There are five helicopters and seven pilots in Duhok. They don’t respond to fires in desert areas. They only tackle fires on the mountain sides.
"In the world of aviation, every plane is designed for a particular task," pilot Sarhang Mohammedamin told Rudaw. "Our helicopters are designed to be used for police work in temperatures up to 45 to 46 degrees Celsius or in places with water or a dam."
A heat wave combined with less surface water this summer has resulted in fires across the Kurdistan Region — from Duhok to Halabja.
Locals say the fires aren't particularly unusual, but they still force seasonal displacement, forcing shepherds and farmers off the hills and into cities and towns.
Duhok's aviation team, which reports to the local transportation department, aims to help alleviate those problems.
"We will first check the helicopter for any faults and then coordinate with the pilot to see how many passengers it will carry, how far, and where the mission is. Then we will give the helicopter the green light to get ready and go on the mission," explained Ibrahim Rasul, a mechanical aviation engineer.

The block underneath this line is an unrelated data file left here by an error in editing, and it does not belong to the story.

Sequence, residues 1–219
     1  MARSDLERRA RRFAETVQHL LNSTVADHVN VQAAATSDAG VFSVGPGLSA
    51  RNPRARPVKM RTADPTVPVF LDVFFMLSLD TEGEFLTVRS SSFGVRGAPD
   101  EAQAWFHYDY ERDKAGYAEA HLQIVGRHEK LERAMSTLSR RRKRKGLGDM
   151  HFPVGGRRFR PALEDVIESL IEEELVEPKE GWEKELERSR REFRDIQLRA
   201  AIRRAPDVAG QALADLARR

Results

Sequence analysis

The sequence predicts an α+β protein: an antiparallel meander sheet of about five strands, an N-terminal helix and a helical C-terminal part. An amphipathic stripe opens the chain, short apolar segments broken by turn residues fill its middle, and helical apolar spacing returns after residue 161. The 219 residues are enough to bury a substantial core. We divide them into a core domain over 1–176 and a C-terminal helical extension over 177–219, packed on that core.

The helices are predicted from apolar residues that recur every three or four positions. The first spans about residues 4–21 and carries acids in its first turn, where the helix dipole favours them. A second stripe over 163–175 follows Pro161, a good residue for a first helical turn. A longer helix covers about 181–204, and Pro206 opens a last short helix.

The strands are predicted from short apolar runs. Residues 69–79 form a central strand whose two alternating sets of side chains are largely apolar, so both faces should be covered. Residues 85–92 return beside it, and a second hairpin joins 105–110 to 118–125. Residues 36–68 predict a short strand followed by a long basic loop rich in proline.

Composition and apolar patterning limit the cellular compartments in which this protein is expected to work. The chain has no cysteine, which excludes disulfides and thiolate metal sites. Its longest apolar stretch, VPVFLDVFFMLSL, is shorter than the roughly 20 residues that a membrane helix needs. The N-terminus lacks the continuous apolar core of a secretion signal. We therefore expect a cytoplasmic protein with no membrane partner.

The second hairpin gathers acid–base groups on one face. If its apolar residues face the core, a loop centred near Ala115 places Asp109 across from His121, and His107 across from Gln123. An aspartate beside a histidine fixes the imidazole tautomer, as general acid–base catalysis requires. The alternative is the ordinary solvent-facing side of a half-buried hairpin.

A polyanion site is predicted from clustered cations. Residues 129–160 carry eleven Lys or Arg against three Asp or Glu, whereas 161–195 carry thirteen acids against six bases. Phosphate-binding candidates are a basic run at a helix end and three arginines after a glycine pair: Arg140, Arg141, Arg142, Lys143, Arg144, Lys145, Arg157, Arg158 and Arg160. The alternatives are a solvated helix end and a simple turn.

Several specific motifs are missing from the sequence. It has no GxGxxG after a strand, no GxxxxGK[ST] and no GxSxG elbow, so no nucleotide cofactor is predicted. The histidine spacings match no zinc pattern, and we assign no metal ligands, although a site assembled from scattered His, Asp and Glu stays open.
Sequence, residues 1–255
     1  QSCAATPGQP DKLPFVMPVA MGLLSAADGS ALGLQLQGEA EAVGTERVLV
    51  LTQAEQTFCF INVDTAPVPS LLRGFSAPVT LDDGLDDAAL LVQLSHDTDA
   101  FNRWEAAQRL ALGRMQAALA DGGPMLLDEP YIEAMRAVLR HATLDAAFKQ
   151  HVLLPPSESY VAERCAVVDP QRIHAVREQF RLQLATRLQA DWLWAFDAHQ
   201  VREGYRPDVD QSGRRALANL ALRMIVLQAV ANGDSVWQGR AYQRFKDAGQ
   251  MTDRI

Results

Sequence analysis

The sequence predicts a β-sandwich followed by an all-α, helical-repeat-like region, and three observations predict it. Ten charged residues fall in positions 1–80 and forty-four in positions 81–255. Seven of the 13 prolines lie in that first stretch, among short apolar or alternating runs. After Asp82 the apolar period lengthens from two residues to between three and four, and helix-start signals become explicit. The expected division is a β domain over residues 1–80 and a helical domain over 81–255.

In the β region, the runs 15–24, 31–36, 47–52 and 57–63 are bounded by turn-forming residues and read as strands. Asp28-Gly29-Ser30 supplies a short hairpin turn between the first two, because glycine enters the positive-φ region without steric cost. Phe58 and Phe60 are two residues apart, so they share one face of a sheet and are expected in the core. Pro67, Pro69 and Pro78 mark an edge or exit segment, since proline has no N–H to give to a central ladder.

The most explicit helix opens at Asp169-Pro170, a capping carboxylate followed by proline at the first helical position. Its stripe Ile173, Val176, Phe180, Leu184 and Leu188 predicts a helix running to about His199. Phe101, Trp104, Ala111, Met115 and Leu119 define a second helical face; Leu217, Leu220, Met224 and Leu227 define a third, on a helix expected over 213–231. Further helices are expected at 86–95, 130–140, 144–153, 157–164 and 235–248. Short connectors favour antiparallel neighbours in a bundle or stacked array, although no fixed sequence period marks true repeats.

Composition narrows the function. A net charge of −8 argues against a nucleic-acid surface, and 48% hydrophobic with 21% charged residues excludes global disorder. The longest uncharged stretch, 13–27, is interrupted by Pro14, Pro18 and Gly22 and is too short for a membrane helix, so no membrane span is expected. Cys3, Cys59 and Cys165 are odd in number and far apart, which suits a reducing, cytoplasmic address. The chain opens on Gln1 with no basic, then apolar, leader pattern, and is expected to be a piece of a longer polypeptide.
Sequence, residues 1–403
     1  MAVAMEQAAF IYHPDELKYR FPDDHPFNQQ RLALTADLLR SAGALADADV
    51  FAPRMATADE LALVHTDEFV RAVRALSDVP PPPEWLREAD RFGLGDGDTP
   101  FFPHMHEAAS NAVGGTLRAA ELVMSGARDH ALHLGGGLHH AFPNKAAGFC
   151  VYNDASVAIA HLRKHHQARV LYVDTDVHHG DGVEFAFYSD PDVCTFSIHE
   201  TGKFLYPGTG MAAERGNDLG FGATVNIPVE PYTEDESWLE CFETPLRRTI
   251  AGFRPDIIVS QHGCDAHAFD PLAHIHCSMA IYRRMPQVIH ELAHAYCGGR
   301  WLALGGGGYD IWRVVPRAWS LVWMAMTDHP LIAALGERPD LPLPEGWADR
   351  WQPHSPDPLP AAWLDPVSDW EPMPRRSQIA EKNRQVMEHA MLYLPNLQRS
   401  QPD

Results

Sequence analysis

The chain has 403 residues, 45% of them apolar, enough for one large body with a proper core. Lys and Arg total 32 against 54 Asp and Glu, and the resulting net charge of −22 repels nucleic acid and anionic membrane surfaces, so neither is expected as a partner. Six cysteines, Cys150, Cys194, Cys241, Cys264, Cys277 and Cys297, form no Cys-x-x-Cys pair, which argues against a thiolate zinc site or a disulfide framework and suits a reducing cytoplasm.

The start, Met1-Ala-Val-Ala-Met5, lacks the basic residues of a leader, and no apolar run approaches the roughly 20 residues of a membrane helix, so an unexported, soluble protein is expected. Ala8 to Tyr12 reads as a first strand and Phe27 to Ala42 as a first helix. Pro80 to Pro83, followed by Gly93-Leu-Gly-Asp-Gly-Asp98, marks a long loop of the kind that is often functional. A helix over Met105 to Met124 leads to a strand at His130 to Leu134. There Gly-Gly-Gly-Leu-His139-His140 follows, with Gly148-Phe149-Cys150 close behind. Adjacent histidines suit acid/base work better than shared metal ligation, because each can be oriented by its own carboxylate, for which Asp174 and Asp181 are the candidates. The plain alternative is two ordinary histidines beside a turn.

The helicopters take off with 400-liter buckets, which scoop water from nearby lakes, and then drop the water on the fires.
Because they are a part of the police department, they also supported Peshmerga during the ISIS conflict when they were called upon.
"We have participated in extinguishing fires and have also served the brave Peshmerga on the frontlines. This team has done its best. We as the transportation department have done our best too. We deliver our services wherever we’re needed," said Brig. Gen. Fakhri Ahmad Majid, of the traffic police.
Now the fire department wants specialized aircraft to help fight fires. Last week, Peshmerga weapons depots caught fire in Duhok, Erbil, and Sulaimani cities.
The Duhok fire department wants a specialized aircraft to help fight fires.
"Pilots cooperate with us and we thank them. They have tackled many blazes. We call for a plane for Duhok that is specifically designed to tackle fires because our area is mountainous and we need it," said Brig. Gen. Abdulhamid Tahir Salih.